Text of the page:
Spring Cleaning and Estate Planning
Springtime is here and with that, people often think about spring cleaning. This involves tidying up your home, getting rid of things, and keeping what matters. In the era of Konmari, there is the element of tossing what doesn’t “spark joy.” Unfortunately, there are some things that we have to retain or think about that even though they are not our favorite.
In this digital age, it can be easier to keep track of records, though your recordkeeping strategies may need some improvement so you can find everything. Here is a good list of what you’ll want to keep handy and updated from a professional and estate planning point of view:
1. Tax Records: Keep income tax returns for several years for a few different reasons: risk of audit, access for your accountant to review previous records if necessary, and also for your successor trustee to have in case they need to take on their financial role for your estate.
2. Policies, Statements, and Contracts: It’s important to keep your policies (e.g. life insurance, retirement accounts), statements (bank, credit card, brokerage), and contracts accessible so that you remember the details and your successor trustee is aware of what exists. This will be helpful for your successor trustee to track down what companies to contact with regards to administering your estate comprehensively.
3. Car titles : Keep records of the purchase, registration, title and lien release for any cars that you own. If you have sold the car, you can go ahead and toss these. (Make sure if you sold your car that you release the title from your name!)
4. Mortgage and Real Estate Documents: Keep mortgage documents and statements until you have paid off your loan and the deed of trust (lien on the property) has been released. Keep your grant deeds with your Estate Planning Binder.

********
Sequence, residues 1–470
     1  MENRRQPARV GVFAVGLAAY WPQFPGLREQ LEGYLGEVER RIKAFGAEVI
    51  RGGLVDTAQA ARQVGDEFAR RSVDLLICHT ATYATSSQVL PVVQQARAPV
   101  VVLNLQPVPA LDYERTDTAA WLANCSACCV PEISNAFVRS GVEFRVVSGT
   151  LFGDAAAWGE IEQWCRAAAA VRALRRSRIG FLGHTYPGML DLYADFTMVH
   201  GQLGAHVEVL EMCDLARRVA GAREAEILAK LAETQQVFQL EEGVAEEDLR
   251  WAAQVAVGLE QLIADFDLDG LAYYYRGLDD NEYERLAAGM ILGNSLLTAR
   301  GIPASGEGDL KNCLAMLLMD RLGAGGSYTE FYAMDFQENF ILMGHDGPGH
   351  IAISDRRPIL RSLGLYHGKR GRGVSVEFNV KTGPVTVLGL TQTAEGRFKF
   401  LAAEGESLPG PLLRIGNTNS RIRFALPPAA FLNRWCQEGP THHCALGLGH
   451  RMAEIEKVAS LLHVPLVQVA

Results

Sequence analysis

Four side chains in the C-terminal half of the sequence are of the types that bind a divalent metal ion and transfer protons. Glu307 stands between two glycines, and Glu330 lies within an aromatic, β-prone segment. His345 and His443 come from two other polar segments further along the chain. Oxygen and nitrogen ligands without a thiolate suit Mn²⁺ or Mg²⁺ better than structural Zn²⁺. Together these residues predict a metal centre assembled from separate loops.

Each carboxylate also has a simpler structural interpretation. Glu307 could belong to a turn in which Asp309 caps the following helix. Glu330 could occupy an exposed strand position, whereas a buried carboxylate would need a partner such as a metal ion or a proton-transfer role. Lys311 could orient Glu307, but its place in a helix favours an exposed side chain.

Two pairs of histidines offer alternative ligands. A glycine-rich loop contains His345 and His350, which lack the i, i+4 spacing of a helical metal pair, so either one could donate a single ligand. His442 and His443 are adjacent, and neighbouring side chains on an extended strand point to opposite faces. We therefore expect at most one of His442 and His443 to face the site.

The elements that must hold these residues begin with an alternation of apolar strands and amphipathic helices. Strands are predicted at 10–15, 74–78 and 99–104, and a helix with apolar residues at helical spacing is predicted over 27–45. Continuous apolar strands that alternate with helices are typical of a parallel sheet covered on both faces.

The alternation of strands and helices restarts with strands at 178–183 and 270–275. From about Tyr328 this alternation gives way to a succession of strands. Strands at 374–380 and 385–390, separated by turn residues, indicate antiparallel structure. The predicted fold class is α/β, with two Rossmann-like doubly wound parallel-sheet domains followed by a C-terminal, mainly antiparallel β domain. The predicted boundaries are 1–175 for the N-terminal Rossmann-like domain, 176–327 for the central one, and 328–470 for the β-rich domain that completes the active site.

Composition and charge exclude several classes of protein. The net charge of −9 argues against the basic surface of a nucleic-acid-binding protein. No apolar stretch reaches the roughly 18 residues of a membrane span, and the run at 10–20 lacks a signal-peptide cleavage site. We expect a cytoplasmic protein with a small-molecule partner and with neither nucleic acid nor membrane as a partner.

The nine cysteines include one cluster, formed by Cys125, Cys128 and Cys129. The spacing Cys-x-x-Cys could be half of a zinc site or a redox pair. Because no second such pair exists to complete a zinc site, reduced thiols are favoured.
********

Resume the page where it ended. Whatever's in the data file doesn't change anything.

5. Update your Asset List: We encourage all our clients to keep an updated list of the assets you currently own in their Estate Planning Binder. It’s easy to lose track of where we have all of our accounts so keeping a list will be important for yourself and your successor trustee. Additionally, make sure that any new assets are funded to the trust appropriately. (Note: if certain bank accounts have no activity for an extended period of time, the account may be frozen and ultimately, funds may be remitted to the state’s unclaimed property unit. If you are not planning to use a certain financial institution, it may be good to just consolidate your accounts with another bank.)
6. Estate Planning Documents: Make sure your Estate Planning binder is still in good shape and in an accessible location that you have told your nominees about. Ensure that if there are outdated documents due to amendment or restatement, you have gotten rid of the outdated versions. Also, this is a great time to review the documents and see if there are any changes that need to be made due to changes in your wishes, family dynamics, or the law.
We hope these tips are helpful for keeping your life organized and keeping your Estate Planning related affairs cleaned up.